For Dr. Wesley Davis, no two days are alike. As a pediatric cardiologist, he juggles inpatient and hospital duties with seeing patients in the clinic – and it’s his patients that make his job so special. “Getting to work with children is fun because they are resilient when they’re sick and make me laugh when they’re well,” Dr. Davis says. “And then the anatomy and physiology of congenital heart disease is challenging and interesting; there is always something different to figure out.” Dr. Davis has been practicing pediatric cardiology since 2011, and over the years, he’s learned that while awards are appreciated, he prefers a different kind of reward at the end of the day. “If a child and their family feel like they get good care when they come to our clinic, and they leave with all their questions answered, I am happy,” he says.
“I try to do for my patients what I would want somebody to do for my own kids.”
1. What sets your practice apart?
We see a wide age range of patients with heart disease, from prior to their birth all the way into adulthood. We also have several in-office tests, such as EKG and echocardiograms, that help us take care of these children.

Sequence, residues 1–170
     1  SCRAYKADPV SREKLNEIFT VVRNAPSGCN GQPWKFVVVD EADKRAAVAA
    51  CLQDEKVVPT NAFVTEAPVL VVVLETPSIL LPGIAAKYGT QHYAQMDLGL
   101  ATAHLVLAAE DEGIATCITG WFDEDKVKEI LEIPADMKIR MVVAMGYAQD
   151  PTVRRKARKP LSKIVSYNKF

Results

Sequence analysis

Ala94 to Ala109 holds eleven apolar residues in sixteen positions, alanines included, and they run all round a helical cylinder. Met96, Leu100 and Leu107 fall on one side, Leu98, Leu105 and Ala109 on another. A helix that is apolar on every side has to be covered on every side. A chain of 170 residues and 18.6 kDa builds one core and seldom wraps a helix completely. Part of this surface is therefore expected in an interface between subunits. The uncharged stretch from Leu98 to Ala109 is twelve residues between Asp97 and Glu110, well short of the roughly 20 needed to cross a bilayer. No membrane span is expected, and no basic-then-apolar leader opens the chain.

2. What do you love most about your profession?
I’ve always enjoyed the detective work of getting to diagnose congenital heart disease, helping to plan what needs to be done – whether it’s medications or interventions – and then getting to see the child grow up healthy afterward.
3. What is your best advice for patients?
Nobody knows your child better than you do. If you think there is something going on, get it checked out.
4. What do you see as the most exciting new development for your profession?
Over the last 5-10 years, there have been a lot of great technological advances with echocardiography. We are now able to see amazing detail of small hearts and some 3D capabilities. In addition, there are many interventional procedures that can now be done in the catheterization lab instead of open-heart surgery.
5. What’s the key to making a great first impression?
I think it’s important to show the patient and their family that you are willing to listen to their concerns and validate why they are in your office to see you. Even if it is nothing major, worrying that your child could have a heart problem can be a scary thing.
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